Although it may seem too simple a product to centre a new business on, all parents know just how important these pre-moistened tissues are. They’re a baby-bag staple and used for far more than wiping babies’ bottoms. And not all parents have had a bad experience.

Wipes versus water

Marischa Landsberg, a mum of two boys who lives in Dubai, says: “Baby wipes are the best thing ever. I don’t know why I only started using them after I had kids.” Her uses include: “Wiping hands and feet, especially at the beach or in the desert, cleaning paint from the wall, wiping down the high chair in a restaurant before putting my baby’s food on it, wiping the inside of my car when something spills – the list goes on.”

For time-poor working parents who seek speed and convenience, baby wipes are a godsend. Irish brand WaterWipes, which says its product contains 99.9 per cent water and a drop of fruit extract, calls itself the “maker of the world’s purest baby wipe”. It is one of the most popular among UAE parents. “I use water-based wipes only,” says Real Mums of Dubai group member Mirratu Isyroh Alam. “I once tried the ones with aloe vera and my baby’s bum started getting red, so I stopped.”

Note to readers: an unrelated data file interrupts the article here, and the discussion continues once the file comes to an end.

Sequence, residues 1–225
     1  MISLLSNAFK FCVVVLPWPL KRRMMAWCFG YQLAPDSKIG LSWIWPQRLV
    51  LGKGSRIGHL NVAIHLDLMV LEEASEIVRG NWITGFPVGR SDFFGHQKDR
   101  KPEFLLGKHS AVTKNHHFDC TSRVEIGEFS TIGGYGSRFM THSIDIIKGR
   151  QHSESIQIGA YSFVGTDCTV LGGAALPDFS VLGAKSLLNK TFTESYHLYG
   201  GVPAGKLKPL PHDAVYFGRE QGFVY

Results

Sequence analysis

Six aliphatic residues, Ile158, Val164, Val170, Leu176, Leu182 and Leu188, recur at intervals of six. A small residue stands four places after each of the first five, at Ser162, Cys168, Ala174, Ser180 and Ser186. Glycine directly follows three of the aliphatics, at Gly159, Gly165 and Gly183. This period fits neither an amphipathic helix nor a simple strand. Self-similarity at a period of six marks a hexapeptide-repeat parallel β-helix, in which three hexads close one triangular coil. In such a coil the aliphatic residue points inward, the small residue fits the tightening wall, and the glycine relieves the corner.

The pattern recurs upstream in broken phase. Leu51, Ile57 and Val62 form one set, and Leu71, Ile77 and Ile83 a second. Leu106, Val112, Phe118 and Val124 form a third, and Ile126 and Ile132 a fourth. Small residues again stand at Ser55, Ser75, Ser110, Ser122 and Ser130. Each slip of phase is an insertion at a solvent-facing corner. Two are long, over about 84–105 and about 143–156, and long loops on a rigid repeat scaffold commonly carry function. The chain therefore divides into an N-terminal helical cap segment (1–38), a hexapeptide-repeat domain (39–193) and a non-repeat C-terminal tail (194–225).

However, because of the potential risks associated with some wipes, parents and grandparents belonging to older generations often advise modern-day mums to avoid them altogether, and instead to wash their babies in the sink when changing nappies or cleaning their hands and face after mealtimes. Some parents heed this advice, and use water with soft towels or cotton wool, saving wipes for occasional outings and emergencies.

Eco conflict

Bodily effects and skin reactions aside, wipes can be detrimental to the planet, too. “Just imagine how much waste all the use of the diapers and wipes are creating, especially in cities where we don’t recycle trash,” Dardari says.